This article aims to analyze the trajectory of construction of public policies for family farming in Brazil, trying to emphasize the "generation" or public policy referentials strengthened in some key moments, the way these benchmarks were built and the relations between state and civil society. The analysis points to the emergence, in different periods and contexts, of three generations or public policy benchmarks for family farming, the first being guided by strengthening the agricultural and agrarian bias of these social group; the second focusing on social and welfare policies, and the third, by building market devices for food and nutritional security and enviromental sustainability. This analysis also highlights that the relations between state and civil society have changed and become more complex over time. From criticism and claiming positions, civil society actors came to be proactive and, more recently, also a partner in the implementation and management public policies. It is noteworthy that the three generations of public policies and various forms of relationship between civil society and state follow and coexist in public arenas till today.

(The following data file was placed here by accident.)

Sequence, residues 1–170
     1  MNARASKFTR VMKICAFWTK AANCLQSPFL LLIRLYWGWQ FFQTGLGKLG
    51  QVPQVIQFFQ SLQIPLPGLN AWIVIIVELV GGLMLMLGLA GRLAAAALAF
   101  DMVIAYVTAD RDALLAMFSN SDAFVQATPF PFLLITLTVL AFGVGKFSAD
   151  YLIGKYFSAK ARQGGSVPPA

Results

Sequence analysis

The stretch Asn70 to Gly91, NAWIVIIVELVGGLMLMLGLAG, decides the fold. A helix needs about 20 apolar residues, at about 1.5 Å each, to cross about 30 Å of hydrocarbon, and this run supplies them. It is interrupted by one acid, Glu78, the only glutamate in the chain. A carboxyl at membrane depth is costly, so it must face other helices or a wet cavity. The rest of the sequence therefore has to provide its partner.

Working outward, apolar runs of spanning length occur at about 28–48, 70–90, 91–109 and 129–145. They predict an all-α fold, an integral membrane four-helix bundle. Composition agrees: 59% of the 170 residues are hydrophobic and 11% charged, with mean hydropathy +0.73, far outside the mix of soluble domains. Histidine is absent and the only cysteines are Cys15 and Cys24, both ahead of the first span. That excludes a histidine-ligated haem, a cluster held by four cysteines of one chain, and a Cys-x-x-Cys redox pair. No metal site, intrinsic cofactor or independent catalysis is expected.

Public policies; family farming; referential; civil society; and Sate